gtt - git time tracker

TL/DR If you code and need to create regular invoices of your working hours, you might want to give gtt a try.

What is gtt

git time tracker is a simple program that allows you to track how much time you spend coding per day and, at the end of a period, generate an invoice. Even though it has git on its name, gtt can work with any version control system that supports commit hooks or by directly issuing commands from the terminal.

How it works

Assuming you have downloaded gtt and you have added it to your PATH, this is an example of a workflow:

# creates a .gtt file in the current directory
gtt init

# adds a hook to .git/hooks/commit-msg
gtt hook git

# starts the current day
gtt start

# ...

# tracks the first line of the commit message and when it was made
git commit -m "fix bug #42"

# ...

# pauses the tracking time
gtt pause

# ... grabbing lunch :)

# resumes the time
gtt resume

# tracks a task manually (that is what the commit hook uses under the hood)
gtt task "attending a very productive meeting"

# displays how much time was spent between the start of the day and the last task, excluding pauses
gtt status
> [STATUS] 2h35m

Generating an invoice

gtt can create a simple invoice between two periods as a html page:

# outputs an html invoice to stdout, you can the write to a file
gtt invoice --from=2015-08-01 --to=2015-08-31 --cost-per-hour=1.00 > invoice.html

Why I created gtt

Almost four years ago I started working remotely for Replay Poker and I needed to keep track of my hours worked. Since my schedule was very flexible, it was important to record the duration of tasks and breaks. At first I said: “this is simple, I just need a spreadsheet”. That approach was a failure from the start…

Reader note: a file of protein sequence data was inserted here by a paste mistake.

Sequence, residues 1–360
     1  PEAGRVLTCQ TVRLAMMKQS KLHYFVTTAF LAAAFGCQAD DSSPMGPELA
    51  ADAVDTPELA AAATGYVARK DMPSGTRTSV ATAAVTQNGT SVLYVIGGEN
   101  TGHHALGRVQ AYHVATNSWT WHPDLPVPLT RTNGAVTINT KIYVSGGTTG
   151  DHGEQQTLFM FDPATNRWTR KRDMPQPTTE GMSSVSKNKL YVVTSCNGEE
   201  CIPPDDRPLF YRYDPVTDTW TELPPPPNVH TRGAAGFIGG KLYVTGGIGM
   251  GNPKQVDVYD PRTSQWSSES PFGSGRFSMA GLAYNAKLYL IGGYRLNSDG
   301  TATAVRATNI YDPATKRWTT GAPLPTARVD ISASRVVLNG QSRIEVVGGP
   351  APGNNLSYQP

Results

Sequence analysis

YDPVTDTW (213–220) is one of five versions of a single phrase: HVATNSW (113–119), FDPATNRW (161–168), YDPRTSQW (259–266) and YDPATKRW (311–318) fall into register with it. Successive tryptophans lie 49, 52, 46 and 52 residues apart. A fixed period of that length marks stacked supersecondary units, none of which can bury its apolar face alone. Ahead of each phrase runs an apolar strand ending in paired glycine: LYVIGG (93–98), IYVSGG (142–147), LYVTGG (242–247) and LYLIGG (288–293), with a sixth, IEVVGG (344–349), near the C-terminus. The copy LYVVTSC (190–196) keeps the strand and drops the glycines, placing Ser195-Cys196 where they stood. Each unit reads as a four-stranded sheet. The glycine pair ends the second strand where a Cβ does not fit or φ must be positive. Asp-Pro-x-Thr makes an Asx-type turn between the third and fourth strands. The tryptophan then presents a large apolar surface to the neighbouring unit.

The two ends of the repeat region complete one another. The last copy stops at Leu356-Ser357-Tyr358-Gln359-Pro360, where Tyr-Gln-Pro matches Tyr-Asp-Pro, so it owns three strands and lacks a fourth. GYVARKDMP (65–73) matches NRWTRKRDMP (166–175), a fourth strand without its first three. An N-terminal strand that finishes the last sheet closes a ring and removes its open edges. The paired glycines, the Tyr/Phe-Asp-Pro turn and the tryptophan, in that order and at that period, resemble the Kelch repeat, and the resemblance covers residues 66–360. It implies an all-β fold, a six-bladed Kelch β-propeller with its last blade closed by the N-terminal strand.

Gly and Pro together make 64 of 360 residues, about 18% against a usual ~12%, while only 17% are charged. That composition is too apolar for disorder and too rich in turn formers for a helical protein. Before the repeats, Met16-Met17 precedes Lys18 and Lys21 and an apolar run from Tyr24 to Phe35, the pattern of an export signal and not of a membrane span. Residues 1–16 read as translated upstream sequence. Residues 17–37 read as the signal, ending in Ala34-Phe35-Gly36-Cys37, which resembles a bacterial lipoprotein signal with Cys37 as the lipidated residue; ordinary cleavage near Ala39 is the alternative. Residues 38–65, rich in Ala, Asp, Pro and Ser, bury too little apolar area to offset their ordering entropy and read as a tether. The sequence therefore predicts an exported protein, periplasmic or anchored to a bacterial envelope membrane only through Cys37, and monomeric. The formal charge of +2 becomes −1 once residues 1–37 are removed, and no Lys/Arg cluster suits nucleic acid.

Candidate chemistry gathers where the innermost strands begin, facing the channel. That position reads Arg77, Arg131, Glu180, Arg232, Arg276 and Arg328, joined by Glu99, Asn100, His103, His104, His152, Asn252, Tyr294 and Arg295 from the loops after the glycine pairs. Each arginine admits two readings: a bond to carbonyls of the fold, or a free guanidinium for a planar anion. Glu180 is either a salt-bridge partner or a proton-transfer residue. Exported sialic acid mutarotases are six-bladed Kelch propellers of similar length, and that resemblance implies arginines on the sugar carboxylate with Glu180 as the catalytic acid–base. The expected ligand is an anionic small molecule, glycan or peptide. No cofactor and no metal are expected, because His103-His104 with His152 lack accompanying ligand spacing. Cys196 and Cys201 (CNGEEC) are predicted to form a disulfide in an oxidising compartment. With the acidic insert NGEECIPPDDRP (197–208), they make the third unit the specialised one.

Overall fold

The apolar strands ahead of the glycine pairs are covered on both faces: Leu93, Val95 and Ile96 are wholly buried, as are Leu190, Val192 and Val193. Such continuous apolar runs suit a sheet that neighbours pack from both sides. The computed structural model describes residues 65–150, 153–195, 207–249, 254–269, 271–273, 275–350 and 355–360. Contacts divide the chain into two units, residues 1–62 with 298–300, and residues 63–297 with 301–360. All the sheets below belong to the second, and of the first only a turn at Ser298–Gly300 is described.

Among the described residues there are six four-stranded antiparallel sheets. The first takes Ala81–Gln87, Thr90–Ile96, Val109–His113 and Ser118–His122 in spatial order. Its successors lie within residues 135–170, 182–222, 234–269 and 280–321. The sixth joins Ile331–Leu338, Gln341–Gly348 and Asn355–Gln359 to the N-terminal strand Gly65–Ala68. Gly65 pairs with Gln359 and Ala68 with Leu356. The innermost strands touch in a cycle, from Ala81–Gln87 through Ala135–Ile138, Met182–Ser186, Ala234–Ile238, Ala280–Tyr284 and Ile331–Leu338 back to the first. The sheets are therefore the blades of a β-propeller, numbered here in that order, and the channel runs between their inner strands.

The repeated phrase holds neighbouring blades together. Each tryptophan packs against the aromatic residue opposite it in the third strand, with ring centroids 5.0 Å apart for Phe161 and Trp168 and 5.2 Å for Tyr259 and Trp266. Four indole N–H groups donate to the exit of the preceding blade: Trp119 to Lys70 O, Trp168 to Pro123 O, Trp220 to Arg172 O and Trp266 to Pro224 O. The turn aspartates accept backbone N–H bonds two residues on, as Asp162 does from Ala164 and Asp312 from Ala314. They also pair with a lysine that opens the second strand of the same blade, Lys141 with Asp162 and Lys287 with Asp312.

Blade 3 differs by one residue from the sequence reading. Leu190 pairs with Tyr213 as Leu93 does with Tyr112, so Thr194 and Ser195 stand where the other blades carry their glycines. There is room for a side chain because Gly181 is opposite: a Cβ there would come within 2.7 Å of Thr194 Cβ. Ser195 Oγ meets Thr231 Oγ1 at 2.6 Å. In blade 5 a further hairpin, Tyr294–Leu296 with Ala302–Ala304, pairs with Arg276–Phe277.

Every day I would forget to update the spreadsheet and I would need to go back to my commit history or messages on the team chat to fix missing time periods. Then instead of days, it became weeks and, finally the whole month.

Since most my tasks were reflected as git commits, I then decided to use the commit message and timestamp as the basic unit to keep track of my time, while having a easy way to input other tasks, such as meetings, and pauses.

gtt v1

On September 14th, 2012 the first version of gtt was born. It consisted of two parts: the cli, written in ruby, and the server in nodejs with CouchDB as the database running locally.

Two fun facts about the first cli version:

1) The start end pause resume commands were integrated with Campfire, the chat service we used to use, and automatically would send messages to the “Lobby” room:

opts.on("--start-day [CHAT_MESSAGE]", "Start a new working day") do |chat_msg|
  response = tracker.start_day
  chat_msg ||= 'Morning o/'
  talker.send_message(chat_msg) if talker

2) It had 0 tests :(

describe "Gtt" do
  it "fails" do
    fail "hey buddy, you should probably rename this file and start specing for real"

gtt v2

Two years later, on April 2014, the version 2 started to take shape. The basic idea for a new version was to run gtt in a SaaS style, without the need to run the database locally. It allowed me to share the same project across multiple devices and a web interface to view and generate invoices.

The project was then split in three parts, the cli, now written in nodejs too, the server and a front-end site. This last part was, unfortunately never finished, so the only way to generate invoice was to clone the repo and dump the database to create the invoice.

Version 2 was more a learn experience than a successful upgrade. It allowed me to play with javascript generator functions and to write a better API for the server. Also, it had proper testing!

it("adds a new task", function(done){
  co(function* () {
    var response = yield model.addTask(user, "important task");
    assert.deepEqual(response, "OK");

gtt v3

Version 3 was recently launched and it is still a working in progress. It removes every non-essential part of the tool and simplify its design:

If gtt can facilitate your billing workflow, please share your ideas on the issues page.